Provençale Leg of Lamb

This is the famous 41-cloves-of-garlic roast leg of lamb. Yes, forty one! The recipe was given to me by a friend of our French neighbour who e-mailed me the recipe, as well as very precise instructions on how to carve the leg at table!

This is a free translation: A leg of lamb should always be carved at table. the ritual ceremony adds an important dimension to the pleasure taken in the meal. To carve, hold the leg end with the other end resting on the platter. Carve away from yourself, at a sharp bias, nearly parallel to the bone, lifting off thin slices, first from the rounded, fleshy part of the leg, then from the leaner muscle to the other side and, finally, slice off small pieces of meat from the leg end. Each has a different flavour and degree of doneness. Serve a slice of each to each guest.

Whether you’ll be following the carving instructions or not, do pour yourself a good glass of red and start cooking this most delicious lamb dish!

1 leg of lamb

15ml dry white wine

15ml olive oil

41 cloves of garlic: 2 cloves cleaned; two whole bulbs of garlic (which is more or less 40 cloves)

750ml of dry, red wine

Mirepoix: 2 carrots, 1 onion, 1 celery stalk or one leek; everything chopped finely

Slice 2 cloves of garlic into slivers. You want about 8 – 10 pieces.

Trim off any superficial fat from the lamb. With a small, sharp-pointed knife, cut several deep slits in the leg, on the bias and with the grain. Open up each slit with your finger and insert a sliver of garlic.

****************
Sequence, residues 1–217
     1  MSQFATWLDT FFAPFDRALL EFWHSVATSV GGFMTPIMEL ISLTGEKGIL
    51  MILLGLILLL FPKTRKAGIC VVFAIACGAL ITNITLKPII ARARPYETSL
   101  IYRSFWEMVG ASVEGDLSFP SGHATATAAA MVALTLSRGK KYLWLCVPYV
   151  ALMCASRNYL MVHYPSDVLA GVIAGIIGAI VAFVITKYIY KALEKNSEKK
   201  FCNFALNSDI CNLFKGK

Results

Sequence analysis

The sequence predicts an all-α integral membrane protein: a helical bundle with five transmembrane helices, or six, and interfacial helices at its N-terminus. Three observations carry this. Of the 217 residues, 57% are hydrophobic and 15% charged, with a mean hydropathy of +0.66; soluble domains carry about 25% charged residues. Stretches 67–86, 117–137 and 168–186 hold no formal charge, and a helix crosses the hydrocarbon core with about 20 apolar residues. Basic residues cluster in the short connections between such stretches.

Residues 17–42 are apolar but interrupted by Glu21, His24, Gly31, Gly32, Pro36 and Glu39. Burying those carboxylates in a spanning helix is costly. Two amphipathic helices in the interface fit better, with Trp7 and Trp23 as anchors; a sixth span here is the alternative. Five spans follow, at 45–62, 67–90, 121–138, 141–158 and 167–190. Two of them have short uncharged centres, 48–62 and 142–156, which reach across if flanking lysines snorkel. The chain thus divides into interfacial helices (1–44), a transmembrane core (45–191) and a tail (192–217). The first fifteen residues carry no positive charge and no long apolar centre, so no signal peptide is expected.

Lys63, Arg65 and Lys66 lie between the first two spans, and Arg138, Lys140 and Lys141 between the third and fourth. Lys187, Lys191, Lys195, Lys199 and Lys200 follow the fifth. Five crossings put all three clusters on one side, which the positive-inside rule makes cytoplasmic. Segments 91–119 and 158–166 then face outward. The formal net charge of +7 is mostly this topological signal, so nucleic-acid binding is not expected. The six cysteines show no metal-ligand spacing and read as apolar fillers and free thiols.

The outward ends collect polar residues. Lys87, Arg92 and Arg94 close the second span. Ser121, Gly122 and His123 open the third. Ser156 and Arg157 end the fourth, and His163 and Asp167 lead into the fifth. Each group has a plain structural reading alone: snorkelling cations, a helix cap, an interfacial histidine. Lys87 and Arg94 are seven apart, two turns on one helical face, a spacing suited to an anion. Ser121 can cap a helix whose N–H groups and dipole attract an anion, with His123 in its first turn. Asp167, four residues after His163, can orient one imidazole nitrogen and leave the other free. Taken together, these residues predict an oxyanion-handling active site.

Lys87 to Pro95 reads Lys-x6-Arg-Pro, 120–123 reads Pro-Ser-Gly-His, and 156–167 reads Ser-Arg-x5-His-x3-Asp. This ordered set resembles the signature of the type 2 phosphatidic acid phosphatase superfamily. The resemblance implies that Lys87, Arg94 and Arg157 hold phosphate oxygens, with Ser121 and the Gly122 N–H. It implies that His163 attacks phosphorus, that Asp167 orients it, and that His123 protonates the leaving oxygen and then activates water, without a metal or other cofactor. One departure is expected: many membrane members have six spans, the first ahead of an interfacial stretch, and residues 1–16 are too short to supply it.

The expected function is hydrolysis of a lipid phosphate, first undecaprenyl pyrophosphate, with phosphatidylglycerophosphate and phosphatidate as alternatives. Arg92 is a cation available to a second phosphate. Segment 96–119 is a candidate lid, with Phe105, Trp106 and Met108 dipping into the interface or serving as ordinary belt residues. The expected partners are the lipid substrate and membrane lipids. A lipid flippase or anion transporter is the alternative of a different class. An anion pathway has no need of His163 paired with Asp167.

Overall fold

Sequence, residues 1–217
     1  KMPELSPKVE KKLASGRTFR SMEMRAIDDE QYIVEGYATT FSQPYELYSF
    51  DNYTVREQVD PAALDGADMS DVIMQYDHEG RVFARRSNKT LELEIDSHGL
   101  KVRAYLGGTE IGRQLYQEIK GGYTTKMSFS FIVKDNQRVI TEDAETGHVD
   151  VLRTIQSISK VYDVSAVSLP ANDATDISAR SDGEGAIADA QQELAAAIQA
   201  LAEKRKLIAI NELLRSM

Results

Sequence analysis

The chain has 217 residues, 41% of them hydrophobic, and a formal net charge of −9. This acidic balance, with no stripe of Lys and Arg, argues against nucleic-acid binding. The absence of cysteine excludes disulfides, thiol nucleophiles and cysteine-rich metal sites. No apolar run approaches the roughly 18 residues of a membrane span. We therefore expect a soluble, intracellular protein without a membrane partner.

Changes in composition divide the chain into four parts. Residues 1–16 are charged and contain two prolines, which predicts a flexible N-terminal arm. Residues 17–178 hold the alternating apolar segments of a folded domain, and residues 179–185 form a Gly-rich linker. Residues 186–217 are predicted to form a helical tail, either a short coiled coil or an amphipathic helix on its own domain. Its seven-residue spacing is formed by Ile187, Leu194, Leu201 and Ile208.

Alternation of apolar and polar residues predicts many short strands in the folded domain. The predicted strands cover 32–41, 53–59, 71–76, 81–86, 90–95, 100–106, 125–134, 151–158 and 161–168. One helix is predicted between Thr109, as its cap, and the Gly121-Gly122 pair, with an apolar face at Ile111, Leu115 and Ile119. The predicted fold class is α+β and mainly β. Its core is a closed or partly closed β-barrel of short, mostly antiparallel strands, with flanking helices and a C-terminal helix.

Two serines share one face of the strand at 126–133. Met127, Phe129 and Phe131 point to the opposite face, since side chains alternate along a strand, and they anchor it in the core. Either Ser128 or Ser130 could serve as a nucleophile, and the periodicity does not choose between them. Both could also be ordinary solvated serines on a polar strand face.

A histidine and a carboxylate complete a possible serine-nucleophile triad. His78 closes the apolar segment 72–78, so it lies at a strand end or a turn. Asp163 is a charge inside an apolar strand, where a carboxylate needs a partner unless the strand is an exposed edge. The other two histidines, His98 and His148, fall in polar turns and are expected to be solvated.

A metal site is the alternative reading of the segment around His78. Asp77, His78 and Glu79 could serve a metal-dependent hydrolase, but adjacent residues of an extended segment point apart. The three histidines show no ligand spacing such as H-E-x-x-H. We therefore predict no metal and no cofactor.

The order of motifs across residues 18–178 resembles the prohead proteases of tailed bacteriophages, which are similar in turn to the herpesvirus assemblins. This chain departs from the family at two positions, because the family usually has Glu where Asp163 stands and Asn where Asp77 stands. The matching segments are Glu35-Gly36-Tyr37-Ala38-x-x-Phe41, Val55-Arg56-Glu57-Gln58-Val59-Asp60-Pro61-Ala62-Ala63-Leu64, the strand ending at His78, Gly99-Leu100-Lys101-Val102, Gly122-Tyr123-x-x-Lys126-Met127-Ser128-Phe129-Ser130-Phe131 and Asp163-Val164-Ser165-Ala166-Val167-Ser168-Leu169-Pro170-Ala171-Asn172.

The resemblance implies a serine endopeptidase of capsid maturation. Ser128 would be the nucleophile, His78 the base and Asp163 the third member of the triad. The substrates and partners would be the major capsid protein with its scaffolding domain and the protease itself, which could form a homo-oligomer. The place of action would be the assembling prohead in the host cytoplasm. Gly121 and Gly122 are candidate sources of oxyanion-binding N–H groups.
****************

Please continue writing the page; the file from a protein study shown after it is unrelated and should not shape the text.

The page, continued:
Mix together two teaspoons of salt, the white wine and olive oil. Rub the leg all over with this mixture, cover and leave to marinate at room temperature for one hour or so.

Meanwhile prepare the mirepoix: Warm some oil in a saucepan over very low heat. Add the carrot, onion and celery. Sweat while stirring occasionally for about 30 minutes.

Add the red wine to the mirepoix and bring to the boil. Reduce the heat and simmer until reduced by two thirds or about 250ml. Pass the mixture through a sieve, pressing the vegetables with a spoon to extract all the liquid. Pour the mixture back into a clean saucepan and set aside for later.

Preheat your oven to 220℃.

Put the lamb into a roasting tin, slice off the top of the garlic bulbs, drizzle with oil and place it in the roasting tin with the lamb and into the oven for 20 minutes.

Cover the roasting tin with aluminium foil and turn the temperature down to 160℃ for two hours, by which time it will be off-the-bone tender.

Remove the roasting tin from the oven, remove the leg and cover and keep warm.

While the leg is resting, squeeze the soft, roasted garlic into a saucepan with the red wine reduction, add the pan juices from the lamb, scraping out all the little bits and pieces in the pan and bring to a simmer until you have a sauce consistency that you are happy with.

Place the lamb on a serving platter and pour the sauce into a warmed bowl.

Serve with roast potatoes and caramelised carrots.

Bon appetit!

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